Tag Archives: Formulas

Excel Formula Problems? Try These Troubleshooting Tips!

Ribbon with FBWhen you work with formulas in Microsoft Excel, there are sometimes some glitches. Excel is good about letting you know when there is an error and even offering some help. The Error Checking feature on the Formulas tab in the Formula Auditing Group will find errors such as Divide by zero errors or errors in cell references (#VALUE!) where a cell referenced in the formula does not contain a number.

Also in the Formula Auditing group are the Trace Precedents, Trace Dependents, and Remove Arrows buttons. The Trace Precedents button shows arrows that indicate which cells affect the value of the currently selected cell. The Trace Dependents button show arrows that indicate which cells are affected by the value of the currently selected cell. The Remove Arrows button removes the arrows drawn by the Trace Precedents and Trace Dependent buttons. These buttons are very helpful when determining incorrect cell references in formulas.

However, with especially long formulas, it is sometimes necessary to examine small parts of the formula at a time to figure out the problem. You may use your mouse pointer to look at only a certain part of a formula and press F9 to evaluate just that section. Press Esc to go back and keep searching. The Evaluate Formula button on the Formula Auditing group will also allow you to examine small parts of a long formula.

Another common problem in Excel formulas is a circular reference. A circular reference in an Excel formula is one that depends on its own value. The most common type of circular reference occurs when you mistakenly refer in the formula to the cell in which you are building the formula itself. For example, suppose that cell B10 is active when you build this formula,  =A10+B10.   As soon as you enter this formula in cell B10 (assuming the program is in Automatic recalculation mode), Excel displays an Alert dialog box, stating that it cannot calculate the formula due to the circular reference.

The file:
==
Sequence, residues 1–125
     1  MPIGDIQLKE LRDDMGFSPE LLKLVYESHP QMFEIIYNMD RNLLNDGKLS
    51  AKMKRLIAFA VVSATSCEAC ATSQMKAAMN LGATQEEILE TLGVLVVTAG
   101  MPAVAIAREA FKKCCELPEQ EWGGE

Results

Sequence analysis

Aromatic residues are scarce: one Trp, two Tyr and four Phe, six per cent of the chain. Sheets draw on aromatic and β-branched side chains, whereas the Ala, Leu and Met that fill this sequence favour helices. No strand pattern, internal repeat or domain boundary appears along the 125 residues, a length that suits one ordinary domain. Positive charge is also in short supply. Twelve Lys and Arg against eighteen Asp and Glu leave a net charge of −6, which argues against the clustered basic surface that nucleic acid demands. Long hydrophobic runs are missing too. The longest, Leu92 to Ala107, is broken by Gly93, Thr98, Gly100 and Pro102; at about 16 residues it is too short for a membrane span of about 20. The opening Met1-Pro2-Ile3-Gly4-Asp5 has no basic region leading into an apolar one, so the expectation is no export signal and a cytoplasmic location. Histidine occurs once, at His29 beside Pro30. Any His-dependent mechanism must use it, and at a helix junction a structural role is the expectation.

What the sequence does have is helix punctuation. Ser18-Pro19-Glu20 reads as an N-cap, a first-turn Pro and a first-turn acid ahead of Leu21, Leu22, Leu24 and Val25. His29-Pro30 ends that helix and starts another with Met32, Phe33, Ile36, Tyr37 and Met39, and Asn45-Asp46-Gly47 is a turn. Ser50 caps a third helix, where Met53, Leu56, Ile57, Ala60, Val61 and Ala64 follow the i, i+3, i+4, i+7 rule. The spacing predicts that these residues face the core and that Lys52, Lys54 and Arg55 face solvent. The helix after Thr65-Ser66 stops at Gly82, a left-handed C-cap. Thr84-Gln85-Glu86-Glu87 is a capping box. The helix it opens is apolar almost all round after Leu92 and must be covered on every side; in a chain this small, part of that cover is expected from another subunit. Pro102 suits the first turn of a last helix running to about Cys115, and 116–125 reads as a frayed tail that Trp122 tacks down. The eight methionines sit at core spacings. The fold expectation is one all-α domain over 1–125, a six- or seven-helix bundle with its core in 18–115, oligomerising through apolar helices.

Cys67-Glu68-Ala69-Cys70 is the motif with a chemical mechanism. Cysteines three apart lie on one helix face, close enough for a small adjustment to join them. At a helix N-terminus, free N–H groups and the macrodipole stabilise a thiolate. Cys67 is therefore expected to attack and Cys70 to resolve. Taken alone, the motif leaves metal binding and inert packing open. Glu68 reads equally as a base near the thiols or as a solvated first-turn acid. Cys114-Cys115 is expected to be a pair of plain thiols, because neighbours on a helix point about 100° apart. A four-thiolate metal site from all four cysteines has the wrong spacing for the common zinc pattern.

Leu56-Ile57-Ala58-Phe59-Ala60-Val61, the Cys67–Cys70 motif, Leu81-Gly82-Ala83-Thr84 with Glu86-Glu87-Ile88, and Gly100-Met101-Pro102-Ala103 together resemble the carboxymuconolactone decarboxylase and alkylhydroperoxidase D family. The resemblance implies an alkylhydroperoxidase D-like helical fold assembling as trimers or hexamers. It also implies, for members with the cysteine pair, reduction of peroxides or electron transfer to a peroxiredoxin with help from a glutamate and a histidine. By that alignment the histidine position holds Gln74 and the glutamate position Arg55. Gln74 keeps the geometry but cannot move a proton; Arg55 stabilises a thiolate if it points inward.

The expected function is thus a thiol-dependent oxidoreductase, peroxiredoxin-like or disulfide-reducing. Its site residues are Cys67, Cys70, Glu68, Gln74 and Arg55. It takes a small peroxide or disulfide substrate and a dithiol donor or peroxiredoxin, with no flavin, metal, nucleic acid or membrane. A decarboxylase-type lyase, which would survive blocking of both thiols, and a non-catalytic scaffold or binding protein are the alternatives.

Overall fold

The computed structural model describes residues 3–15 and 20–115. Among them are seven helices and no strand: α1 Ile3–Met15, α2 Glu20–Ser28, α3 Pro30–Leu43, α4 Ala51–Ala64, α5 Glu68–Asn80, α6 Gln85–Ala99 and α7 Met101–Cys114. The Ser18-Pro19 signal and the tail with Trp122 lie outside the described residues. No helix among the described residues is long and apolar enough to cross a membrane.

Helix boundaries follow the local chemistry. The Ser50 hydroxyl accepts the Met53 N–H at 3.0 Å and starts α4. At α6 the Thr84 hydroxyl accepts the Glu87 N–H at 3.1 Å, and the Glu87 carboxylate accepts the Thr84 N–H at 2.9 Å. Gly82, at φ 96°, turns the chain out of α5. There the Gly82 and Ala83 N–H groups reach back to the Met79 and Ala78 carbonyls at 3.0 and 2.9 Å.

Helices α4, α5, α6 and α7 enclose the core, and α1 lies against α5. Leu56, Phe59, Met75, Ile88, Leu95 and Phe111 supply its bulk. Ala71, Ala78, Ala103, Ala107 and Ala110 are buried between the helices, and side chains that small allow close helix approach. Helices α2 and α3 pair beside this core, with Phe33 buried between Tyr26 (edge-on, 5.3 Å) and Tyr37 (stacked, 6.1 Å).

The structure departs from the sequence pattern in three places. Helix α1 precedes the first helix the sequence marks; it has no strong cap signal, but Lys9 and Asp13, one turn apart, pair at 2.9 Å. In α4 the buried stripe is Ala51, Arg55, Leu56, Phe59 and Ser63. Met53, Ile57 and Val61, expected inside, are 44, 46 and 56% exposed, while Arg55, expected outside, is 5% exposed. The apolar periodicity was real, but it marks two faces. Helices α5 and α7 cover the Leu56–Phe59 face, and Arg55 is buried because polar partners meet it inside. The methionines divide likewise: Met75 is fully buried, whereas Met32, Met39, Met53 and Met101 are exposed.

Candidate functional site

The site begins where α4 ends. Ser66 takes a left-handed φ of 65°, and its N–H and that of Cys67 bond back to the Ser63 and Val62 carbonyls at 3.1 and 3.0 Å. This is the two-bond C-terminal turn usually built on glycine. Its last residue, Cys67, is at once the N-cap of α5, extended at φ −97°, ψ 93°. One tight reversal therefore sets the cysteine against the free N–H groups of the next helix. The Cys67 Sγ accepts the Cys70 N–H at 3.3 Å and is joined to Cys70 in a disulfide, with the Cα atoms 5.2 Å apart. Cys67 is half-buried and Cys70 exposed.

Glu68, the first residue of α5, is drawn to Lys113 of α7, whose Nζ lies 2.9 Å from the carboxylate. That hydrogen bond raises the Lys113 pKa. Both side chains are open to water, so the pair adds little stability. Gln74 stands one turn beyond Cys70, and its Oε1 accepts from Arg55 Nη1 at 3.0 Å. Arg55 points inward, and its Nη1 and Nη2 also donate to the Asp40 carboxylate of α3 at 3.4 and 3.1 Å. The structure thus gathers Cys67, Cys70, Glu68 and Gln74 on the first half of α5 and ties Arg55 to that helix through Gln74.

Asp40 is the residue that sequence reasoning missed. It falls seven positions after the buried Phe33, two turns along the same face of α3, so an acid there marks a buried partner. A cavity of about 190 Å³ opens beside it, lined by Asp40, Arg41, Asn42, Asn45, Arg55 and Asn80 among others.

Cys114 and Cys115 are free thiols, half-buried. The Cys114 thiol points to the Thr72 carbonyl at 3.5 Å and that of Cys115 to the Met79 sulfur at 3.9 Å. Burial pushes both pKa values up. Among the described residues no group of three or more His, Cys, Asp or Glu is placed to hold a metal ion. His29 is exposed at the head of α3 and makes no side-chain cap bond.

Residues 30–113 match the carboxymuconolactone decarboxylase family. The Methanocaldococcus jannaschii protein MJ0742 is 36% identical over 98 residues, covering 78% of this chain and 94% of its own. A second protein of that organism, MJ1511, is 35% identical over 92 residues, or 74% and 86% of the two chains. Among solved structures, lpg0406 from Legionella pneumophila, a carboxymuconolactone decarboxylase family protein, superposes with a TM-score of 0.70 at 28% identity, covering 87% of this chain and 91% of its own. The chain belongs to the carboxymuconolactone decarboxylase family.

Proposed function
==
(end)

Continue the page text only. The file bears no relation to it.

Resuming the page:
Do not forget, too, that by clicking the down arrow at the right end of the formula bar you can expand the size of the formula bar to include more than one line. Use these tips to become an expert in troubleshooting Excel formula problems—something that we all encounter when using Excel’s powerful calculation features!

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For more information on the Business Office Systems and Support department, contact Becky Jones, Associate Dean, bjones@dcccd.edu 972-238-6215.

Excel’s Order of Operations in Formulas

In Excel the formula =10+20+30+40/4 will render a solution of 70; I think you would agree that 70 is not the average of the four numbers you have added together and then divided by the number of numbers you added (average).  However, =(10+20+30+40)/4 will render a solution of 25, which is, in fact,  the average of the four numbers.  How is one formula different from the other?  It is related to the order in which calculations are performed in formulas. 

Does anyone remember hearing his/her Junior High and/or High School Math teacher mention the phrase, “Please Excuse My Dear Aunt Sally?”  If so, you may also remember that this phrase is important in remembering the order in which formulas are interpreted. The following is the order in which mathematical operators and syntax are applied both in Excel and in general mathematics: 

  1. Parentheses
  2. Exponents
  3. Multiplication
  4. Division
  5. Addition
  6. Subtraction 

In the first example, Excel divided 40 by 4 (division before addition) and added the result to 10+20+30 equaling 70.  However in the second example, the parenthesis forced Excel to first add 10+20+30+40 and then divide the result of the addition by 4 equaling 25–the correct answer.

Do your formulas meet these criteria?  If not, your calculations might be suspect.  So, Please remember to Excuse My Dear Aunt Sally when creating a formula in Excel!

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For more information on the Business Office Systems and Support department, contact Becky Jones, Associate Dean, bjones@dcccd.edu 972-238-6215.


Formula AutoComplete in Excel

Would you like to enter an Excel function in a cell without typing the entire function name? It is easy to do if you are familiar with the Formula AutoComplete feature in Excel.

To use this feature, click to select the cell in which you wish to enter the function. Type an equal sign and begin to type the function name. As you begin typing the function name, a list of functions appears below the active cell. The functions listed match the letters you have typed. Continue typing until you see the function you want.

Then, double-click the name of the function you want to use. The function and its arguments appear in a ScreenTip below the cell; you can use the ScreenTip as a guide to enter the necessary function arguments.

Give it a try! FormulaAutocomplete is another way to help you get your spreadsheets completed quickly and accurately.

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For more information on the Business Office Systems and Support department, contact Becky Jones, Associate Dean, bjones@dcccd.edu 972-238-6215.